Nine Mistakes To Avoid When Marketing To Seniors
By Wilma G. Anderson
Like constructing a building, you make a sale by building it brick by brick. But one missing or cracked brick can bring the whole building down in a crash, and you might not have the time to rebuild it.
Make sure your sales are solid by avoiding common mistakes in construction. While these errors apply especially to selling long term care insurance, annuities and other products to older clients, many are common mistakes with all age groups.
Mistake #1. You assume you know what the prospect wants, and you end up rushing the sale. Its an easy mistake to make. Your prospect has replied to your LTC or annuity mailer, so you figure he or she is interested in long term care insurance or annuities. You immediately start comparing products and providing quotes–before you delve into what your prospects are really concerned about.
Before selling, find out what they perceive as their greatest needs. This is laying the foundation of the sale.
Mistake #2. You fail to show youre interested in solving their problem, not making it a collaborative sale. Before launching into your sales presentation, you must find out where the client is coming from. Besides warming up the prospect with friendly small talk, this involves asking questions and listening carefully. You dont want the client to feel youre hawking a product and are only interested in a commission. The client should feel youre truly interested in solving his or her problem with the best possible solution.
Dont tell the prospect: “I know you need this LTC policy (or whatever your selling) because.” Thats not collaboration, thats trying to impose your point of view on someone else.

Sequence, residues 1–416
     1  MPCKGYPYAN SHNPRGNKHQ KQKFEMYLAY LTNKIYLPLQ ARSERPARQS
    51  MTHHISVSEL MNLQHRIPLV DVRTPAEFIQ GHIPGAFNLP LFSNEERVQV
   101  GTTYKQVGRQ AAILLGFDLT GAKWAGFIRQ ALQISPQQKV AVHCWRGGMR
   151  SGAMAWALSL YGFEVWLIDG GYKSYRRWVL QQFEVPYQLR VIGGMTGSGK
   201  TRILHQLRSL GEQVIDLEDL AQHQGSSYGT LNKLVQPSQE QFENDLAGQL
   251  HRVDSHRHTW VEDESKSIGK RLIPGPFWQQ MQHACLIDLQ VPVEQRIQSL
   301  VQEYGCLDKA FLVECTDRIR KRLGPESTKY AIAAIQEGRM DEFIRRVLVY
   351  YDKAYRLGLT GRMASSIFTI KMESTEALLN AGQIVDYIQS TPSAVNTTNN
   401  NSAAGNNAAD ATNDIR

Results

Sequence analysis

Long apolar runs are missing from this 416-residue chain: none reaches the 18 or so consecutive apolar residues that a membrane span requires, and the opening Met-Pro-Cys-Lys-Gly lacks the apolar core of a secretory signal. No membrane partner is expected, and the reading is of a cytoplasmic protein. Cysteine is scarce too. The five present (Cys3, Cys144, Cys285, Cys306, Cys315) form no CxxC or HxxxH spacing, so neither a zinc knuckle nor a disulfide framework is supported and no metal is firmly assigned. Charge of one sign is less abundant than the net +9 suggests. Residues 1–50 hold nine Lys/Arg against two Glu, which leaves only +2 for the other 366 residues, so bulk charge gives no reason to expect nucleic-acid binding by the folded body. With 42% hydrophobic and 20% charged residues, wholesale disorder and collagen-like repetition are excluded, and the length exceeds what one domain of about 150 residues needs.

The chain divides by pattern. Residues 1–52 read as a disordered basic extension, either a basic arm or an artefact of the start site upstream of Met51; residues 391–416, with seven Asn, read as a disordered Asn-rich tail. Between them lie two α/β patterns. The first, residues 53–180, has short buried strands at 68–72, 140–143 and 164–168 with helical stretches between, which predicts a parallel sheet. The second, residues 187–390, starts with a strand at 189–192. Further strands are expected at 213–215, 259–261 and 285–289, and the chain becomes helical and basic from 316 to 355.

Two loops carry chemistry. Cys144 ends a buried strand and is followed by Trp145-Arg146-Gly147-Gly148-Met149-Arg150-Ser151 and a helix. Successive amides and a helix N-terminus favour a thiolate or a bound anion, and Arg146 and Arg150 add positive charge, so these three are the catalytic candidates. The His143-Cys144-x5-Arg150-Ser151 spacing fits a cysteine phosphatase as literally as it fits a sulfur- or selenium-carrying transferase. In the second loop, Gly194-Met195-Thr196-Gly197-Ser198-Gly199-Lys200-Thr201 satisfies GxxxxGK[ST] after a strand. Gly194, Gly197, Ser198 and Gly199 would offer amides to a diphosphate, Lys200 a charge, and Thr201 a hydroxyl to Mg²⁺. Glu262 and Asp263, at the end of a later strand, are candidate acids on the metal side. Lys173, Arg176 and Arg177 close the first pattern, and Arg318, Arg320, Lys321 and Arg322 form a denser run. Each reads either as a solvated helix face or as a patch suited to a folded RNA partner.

Instead, get into the position where you can say: “Youve said its important for you to leave an estate to your children and grandchildren. Heres how an LTC policy can protect your assets and help you achieve your goal.”
Take the time to establish a level of trust. Youll have plenty of time to sell and close.
Mistake #3. Confusing people with industry buzzwords. Since we live and breathe insurance and financial products, its all too easy to use our lingo with prospects and clients, who typically dont have a clue about what were talking about.
Insurance and financial products are complex–if they werent, no one would need an advisor. To simplify the mishmash, use this magical phrase: “What this means to you is.” This technique will force you to translate features into benefits which people can easily understand.
Mistake #4. You fail to uncover your prospects objections until its too late. Its natural to want to skirt possible objections, but its important to discover the prospects objections as soon as possible–that way you can respond to them.
Otherwise, the prospect will have an objection that distracts him or her and prevents your message from getting through. When it comes time to close, youre probably sunk.
Make objections your allies. Assumptive closes bring out possible objections you can answer and overcome up-front.
A key assumptive close when presenting LTC is: “What are your plans when your health changes?” The answers to this can help demolish objections like, “I dont need insurance because my daughter will take care of me.” Once youve dealt with the objection, you can continue laying your bricks.